An Artwork reminds on the scientist who cofounded the Russian German Collaboration at BESSY II
It seems, she has just calculated something, a hand lies on the paper, next to the pen. The other one supports the chin, relaxed and curious, she looks at the viewer. The Russian physicist Vera Adamchuk is immortalized in the bronze relief attached to a column in the BESSY II hall.
The column stands in front of the dipole beam line of the Russian-German laboratory. Vera Adamchuk is regarded as a pioneer of German-Russian cooperation in the field of synchrotron radiation. She co-founded the Russian-German laboratory at BESSY II in 2001. In 2016, after a long and productive life, she died at the age of 83.
She sent her student from St. Petersburg to BESSY II in Berlin
Vera Adamchuk was already an elderly lady when Dimitry Marchenko joined her group in St. Petersburg as a student.
“She was very well connected and extremely committed. She organized everything from her desk by making targeted calls,” Marchenko remembers.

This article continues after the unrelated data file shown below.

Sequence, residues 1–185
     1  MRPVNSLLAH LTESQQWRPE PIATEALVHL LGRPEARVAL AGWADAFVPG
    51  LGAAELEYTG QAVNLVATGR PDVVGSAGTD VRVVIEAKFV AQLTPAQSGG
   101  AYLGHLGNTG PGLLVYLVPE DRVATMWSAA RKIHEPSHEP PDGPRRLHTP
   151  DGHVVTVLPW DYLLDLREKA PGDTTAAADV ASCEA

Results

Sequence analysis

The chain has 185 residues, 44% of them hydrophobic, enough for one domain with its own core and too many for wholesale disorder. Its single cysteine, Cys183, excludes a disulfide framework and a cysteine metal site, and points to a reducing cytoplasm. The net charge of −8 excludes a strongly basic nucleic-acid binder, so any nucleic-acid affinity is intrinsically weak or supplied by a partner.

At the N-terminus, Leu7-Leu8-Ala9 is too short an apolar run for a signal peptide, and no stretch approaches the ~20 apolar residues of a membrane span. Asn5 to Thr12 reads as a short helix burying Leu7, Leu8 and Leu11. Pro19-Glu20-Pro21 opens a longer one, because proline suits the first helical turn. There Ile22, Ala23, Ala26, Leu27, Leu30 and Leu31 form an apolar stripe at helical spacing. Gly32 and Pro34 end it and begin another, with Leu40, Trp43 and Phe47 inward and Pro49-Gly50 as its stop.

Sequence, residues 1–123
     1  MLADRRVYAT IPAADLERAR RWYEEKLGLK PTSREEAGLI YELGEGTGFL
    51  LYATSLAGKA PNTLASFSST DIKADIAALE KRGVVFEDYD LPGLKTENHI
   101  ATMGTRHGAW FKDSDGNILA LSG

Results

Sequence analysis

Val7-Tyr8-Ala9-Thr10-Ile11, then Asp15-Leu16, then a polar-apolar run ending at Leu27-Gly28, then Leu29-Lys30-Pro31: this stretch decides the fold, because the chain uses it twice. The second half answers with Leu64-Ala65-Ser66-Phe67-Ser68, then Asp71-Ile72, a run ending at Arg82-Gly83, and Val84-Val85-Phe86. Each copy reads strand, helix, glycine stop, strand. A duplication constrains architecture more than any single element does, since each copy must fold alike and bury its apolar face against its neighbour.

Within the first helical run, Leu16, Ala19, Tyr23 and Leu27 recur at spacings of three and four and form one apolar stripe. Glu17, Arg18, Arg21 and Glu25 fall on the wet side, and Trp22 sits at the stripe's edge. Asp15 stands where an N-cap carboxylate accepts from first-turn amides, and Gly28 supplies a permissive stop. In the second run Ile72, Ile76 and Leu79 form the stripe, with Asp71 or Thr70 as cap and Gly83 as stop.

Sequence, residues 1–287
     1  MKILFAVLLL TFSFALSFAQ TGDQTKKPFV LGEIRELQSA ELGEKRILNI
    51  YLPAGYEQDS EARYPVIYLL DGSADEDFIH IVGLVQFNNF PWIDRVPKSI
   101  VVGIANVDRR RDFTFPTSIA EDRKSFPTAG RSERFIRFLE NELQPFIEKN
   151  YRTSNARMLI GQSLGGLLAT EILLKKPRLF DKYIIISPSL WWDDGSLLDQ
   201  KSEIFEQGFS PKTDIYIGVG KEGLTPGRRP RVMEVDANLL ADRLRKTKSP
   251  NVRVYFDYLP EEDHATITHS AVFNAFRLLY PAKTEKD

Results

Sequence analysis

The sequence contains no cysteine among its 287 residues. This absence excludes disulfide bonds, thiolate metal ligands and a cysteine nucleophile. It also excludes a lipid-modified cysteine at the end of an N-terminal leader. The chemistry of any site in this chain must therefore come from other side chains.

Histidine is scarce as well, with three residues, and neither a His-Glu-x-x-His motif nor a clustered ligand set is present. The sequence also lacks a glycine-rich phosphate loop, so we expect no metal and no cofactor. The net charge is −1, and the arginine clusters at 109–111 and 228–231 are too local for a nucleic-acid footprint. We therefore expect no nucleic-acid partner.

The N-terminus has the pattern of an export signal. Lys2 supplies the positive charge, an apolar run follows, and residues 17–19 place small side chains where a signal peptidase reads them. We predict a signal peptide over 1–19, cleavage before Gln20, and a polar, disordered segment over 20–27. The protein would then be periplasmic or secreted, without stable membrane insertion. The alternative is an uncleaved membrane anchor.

Through her mediation, he came to Berlin to BESSY II, where he is now a scientist in the team of Oliver Rader, who is a partner of the Russian-German Laboratory.
Science meets Art
After her death, Rader and colleagues from the Russian-German Laboratory had thought about commissioning something to commemorate Vera Adamchuk. They made contact with Marchenko’s mother, Natalia Bakut from Irkutsk. She is a sculptor well known for her artwork in stone and precious stones.
Natalia Bakut had already heard of her son’s mentor Vera Adamchuk. And she was ready to get involved with the team of physicists who all wanted to contribute their own ideas. After many hand-drawn sketches, the idea arose to create a photo as a three-dimensional bronze profile.
Now Vera Adamchuk watches benevolently at the column as the next generation on the Russian-German beamline unveils the secrets of matter.
Some impressions of the work of Natalia Bakut can be seen here.